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AMD is also hoping to offset the blow it's taking in the traditional PC space with new growth in the data center and server markets. Specifically, the chip maker is seeking shelter within the dense cloud market, where it can apply some of the new server fabric technologies it's gaining through its $334 million acquisition of microserver vendor SeaMicro.
In addition, AMD hopes to find sources of growth in new embedded markets, such as communications, industrial and gaming. AMD's Read said he expects the company's low-power APUs and graphics IP to propel AMD to the top of these markets over the next year.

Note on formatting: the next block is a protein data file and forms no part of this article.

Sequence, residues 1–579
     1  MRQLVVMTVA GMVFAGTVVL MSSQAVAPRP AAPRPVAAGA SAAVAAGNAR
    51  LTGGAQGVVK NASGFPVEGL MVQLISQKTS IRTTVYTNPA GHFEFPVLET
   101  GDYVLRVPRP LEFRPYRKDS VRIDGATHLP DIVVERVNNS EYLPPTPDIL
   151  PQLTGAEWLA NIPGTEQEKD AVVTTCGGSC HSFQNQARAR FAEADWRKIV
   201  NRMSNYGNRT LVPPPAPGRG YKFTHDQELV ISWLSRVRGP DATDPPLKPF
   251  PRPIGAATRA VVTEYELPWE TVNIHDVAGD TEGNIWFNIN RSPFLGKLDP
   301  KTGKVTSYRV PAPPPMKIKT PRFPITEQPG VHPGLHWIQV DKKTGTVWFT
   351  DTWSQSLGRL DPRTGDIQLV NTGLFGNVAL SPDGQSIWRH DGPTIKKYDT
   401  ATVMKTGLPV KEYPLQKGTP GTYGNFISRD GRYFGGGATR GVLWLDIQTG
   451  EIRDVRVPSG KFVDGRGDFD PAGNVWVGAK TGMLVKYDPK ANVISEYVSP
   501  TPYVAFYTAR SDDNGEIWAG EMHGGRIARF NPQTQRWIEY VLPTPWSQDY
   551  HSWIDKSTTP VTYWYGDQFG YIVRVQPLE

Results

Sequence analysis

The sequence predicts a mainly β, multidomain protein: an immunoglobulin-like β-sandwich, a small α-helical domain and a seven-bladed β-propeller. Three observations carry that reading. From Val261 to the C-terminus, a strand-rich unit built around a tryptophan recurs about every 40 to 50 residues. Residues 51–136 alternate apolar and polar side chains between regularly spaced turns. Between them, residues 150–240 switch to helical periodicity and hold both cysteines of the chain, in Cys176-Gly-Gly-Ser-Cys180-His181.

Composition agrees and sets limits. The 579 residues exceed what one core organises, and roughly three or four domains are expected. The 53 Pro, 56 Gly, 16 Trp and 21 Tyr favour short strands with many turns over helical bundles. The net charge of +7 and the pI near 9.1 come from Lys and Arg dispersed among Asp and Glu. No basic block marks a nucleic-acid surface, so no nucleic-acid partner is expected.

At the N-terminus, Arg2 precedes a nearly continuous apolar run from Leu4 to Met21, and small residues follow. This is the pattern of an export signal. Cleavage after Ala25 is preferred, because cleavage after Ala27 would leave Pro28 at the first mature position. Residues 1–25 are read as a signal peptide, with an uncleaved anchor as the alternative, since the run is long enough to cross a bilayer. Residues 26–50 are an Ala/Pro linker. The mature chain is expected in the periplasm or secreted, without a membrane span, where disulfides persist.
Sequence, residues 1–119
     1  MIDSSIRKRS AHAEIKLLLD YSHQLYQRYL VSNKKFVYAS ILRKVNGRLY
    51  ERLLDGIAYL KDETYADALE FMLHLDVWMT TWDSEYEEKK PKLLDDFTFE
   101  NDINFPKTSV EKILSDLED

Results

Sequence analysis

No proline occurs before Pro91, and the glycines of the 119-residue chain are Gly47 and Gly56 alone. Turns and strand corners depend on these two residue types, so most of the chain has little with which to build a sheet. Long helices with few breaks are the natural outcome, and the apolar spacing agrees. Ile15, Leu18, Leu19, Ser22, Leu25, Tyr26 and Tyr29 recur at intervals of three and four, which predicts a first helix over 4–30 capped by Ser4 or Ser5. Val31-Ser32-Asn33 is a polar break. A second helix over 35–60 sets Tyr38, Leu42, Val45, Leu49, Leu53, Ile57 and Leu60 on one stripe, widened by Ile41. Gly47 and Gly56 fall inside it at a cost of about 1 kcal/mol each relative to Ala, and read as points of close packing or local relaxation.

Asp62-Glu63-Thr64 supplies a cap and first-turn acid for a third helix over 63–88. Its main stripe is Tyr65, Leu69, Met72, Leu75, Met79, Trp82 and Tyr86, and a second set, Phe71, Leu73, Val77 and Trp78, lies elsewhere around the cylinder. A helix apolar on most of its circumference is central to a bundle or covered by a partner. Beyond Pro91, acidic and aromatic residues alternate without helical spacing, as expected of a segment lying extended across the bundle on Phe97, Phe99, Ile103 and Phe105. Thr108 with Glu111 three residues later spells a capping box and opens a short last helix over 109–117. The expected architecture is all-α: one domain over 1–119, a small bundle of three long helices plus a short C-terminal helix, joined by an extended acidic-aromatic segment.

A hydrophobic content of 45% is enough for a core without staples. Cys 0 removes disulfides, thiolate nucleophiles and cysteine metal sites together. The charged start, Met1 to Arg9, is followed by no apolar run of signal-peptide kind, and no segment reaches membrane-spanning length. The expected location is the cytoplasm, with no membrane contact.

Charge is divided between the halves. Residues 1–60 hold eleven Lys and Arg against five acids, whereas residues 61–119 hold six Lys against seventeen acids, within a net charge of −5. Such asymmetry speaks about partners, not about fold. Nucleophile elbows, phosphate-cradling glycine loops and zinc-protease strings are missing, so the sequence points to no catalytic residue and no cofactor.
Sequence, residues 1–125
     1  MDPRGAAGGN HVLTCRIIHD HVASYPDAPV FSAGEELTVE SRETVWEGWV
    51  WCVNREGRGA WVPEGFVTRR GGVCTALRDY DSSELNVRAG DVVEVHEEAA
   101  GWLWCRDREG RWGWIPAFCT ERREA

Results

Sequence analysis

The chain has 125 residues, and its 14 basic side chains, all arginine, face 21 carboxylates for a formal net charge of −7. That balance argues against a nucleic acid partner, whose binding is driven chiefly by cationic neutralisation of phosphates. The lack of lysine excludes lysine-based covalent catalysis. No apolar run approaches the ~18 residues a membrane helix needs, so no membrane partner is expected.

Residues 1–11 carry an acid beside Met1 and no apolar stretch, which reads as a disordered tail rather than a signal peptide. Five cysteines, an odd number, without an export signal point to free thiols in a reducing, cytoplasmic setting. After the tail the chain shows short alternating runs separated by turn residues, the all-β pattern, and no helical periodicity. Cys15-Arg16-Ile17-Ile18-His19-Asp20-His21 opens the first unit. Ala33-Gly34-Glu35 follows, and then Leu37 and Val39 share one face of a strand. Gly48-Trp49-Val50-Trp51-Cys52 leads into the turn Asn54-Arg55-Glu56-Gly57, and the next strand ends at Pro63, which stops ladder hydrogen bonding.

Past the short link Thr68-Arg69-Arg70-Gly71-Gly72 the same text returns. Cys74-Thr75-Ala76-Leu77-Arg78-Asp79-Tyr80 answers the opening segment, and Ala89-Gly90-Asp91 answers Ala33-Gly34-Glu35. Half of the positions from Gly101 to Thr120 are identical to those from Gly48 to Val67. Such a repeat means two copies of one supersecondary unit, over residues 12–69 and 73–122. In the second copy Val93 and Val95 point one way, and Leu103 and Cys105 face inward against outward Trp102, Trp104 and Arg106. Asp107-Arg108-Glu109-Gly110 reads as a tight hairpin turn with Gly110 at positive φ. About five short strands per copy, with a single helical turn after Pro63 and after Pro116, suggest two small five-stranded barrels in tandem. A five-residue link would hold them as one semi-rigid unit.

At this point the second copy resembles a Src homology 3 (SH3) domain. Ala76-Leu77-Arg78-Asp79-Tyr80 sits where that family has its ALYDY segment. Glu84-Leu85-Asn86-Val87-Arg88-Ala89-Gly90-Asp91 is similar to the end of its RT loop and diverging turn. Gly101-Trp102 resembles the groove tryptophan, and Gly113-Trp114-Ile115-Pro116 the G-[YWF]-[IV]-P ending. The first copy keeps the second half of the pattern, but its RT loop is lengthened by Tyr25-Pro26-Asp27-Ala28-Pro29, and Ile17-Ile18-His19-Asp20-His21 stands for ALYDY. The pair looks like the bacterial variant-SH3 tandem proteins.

"Our semi-custom APUs already have a number of confidential, high-volume design wins in place," Read said. "We expect our embedded business will comprise approximately 20 percent of our quarterly revenue by the fourth quarter of 2013, up from 5 percent today."
AMD isn't the only chip maker taking a hit as PC sales continue to slip; Intel, AMD's top rival, reported flat year-over-year earnings earlier this week and said it expects to face continued challenges into the fourth quarter.
AMD, similarly, said it expects the lower-than-usual demand for PCs to continue.
"While we look forward to the introduction of [Windows 8], the fourth quarter will continue to be challenging," Read said. "And we do not expect the PC market conditions to improve for several quarters."